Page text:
PP cuts Socialists' lead as immigrant integration plan proves attractive

11th February 2008, Comments 0 comments

Numbers battle reaches climate change, as Rajoy pledges to plant 500 million trees

11 February 2008

MADRID - In a race to see who can offer more, the ruling Socialist Party (PSOE) and opposition Popular Party (PP) are resorting to bigger and bigger numbers in an effort to attract new voters by the 9 March general elections.

Following the Socialist promise to plant 45 million trees as a way to fight global warming, PP leader Mariano Rajoy announced late last week that if elected, no fewer than 500 million trees will be planted - that's 238 trees per minute over the next four years.

The figures are also stacking up when it comes to nursery spots for children up to three years of age, who currently number a million and a half in Spain. Of these, only 17 percent have access to free nursery care due to a major shortage of public facilities. Aware that this could be a decisive issue for voters with small children, the PSOE and PP are promising 300,000 and 400,000 new public nursery spots, respectively, although it remains to be seen how either party would manage to implement their pledges, since regional authorities, and not central government, are in charge of public nurseries.

Pensions are another key issue where both sides are promising increases in the smallest paycheques ranging from a EUR 150 hike if the PP wins, to EUR 200 if the PSOE remains in power.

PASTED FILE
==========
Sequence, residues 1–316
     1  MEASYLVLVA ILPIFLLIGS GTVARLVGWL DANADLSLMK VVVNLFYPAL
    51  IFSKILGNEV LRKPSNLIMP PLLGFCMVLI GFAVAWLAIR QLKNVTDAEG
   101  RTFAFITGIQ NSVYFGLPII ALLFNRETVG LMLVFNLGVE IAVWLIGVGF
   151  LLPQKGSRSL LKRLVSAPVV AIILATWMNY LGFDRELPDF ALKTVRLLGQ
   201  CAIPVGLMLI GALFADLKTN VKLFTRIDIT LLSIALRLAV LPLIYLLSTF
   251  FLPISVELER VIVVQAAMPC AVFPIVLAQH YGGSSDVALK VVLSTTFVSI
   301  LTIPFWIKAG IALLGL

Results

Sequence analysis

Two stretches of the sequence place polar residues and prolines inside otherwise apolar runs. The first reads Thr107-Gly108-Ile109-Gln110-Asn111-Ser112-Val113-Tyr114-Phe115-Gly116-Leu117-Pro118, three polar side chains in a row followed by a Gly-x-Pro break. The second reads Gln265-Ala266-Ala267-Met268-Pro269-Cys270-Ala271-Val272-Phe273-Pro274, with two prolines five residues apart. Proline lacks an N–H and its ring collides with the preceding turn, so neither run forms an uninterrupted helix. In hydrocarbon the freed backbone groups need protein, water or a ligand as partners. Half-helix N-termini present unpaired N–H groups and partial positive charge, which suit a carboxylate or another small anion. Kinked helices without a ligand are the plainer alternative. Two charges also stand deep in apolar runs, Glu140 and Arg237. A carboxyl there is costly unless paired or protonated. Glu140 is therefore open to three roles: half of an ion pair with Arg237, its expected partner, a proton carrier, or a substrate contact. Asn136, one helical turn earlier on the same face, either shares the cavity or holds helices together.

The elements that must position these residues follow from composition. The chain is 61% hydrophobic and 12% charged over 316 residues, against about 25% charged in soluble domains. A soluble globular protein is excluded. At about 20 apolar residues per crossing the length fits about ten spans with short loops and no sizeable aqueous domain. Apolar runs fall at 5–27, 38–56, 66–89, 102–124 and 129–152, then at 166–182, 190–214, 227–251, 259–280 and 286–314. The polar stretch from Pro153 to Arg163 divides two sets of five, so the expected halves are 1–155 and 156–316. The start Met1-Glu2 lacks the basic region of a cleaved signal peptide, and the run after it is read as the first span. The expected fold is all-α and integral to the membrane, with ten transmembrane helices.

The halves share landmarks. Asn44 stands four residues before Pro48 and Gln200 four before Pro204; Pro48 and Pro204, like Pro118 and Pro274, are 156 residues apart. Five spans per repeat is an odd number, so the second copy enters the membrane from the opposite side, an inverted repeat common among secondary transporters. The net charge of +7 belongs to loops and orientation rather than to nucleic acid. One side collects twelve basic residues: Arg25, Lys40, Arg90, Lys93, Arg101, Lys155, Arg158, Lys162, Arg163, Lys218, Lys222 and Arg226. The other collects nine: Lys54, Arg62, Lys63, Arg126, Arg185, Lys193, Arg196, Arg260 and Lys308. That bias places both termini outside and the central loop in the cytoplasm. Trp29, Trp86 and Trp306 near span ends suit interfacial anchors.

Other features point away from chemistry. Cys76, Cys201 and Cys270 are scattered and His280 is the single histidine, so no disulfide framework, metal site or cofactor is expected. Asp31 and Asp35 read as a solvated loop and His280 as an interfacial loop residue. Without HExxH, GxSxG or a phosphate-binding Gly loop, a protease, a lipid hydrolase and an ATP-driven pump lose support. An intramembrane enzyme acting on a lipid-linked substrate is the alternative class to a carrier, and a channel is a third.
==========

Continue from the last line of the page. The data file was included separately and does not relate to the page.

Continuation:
But the battle is also being fought on ideological grounds. Last weekend, in an interview with the newspaper 20 minutos, Rajoy said that he would take away gay couples' right to adopt children, which is allowed following a reform of the Civil Code made under Prime Minister José Luis Rodríguez Zapatero.

Last week, Rajoy also said he would create an "integration contract" forcing immigrants to learn Spanish and be taught the essentials of Spanish customs if they want to live in this country.

"I want to remind that female genital mutilation, polygamy and arranged marriages are a crime in Spain," said Rajoy at a party rally in Alcalá de Henares last Saturday.

Contrary to what the government expected when it called the idea of an immigrant contract racist, a new survey shows that a majority of voters, 56 percent, support it. What's more, a lot of that support is coming from traditional left-voting areas with significant immigrant communities, and up to 45 percent of PSOE voters said they agree with the Rajoy's suggestion that immigrants should respect the Spanish way of life.

This same poll shows that the PP is closing in on the Socialists in voting intention, with the oppositions now just 2.9 percentage points behind the Socialists. Part of the reason is the PP's strategy of taking votes away from the left on the immigration issue, but the economic downturn may be a bigger factor. The economy, warned the Metroscopia survey, has become "an issue with unpredictable consequences on final voter decisions."

[Copyright EL PAÍS 2008]

Subject: Spanish news

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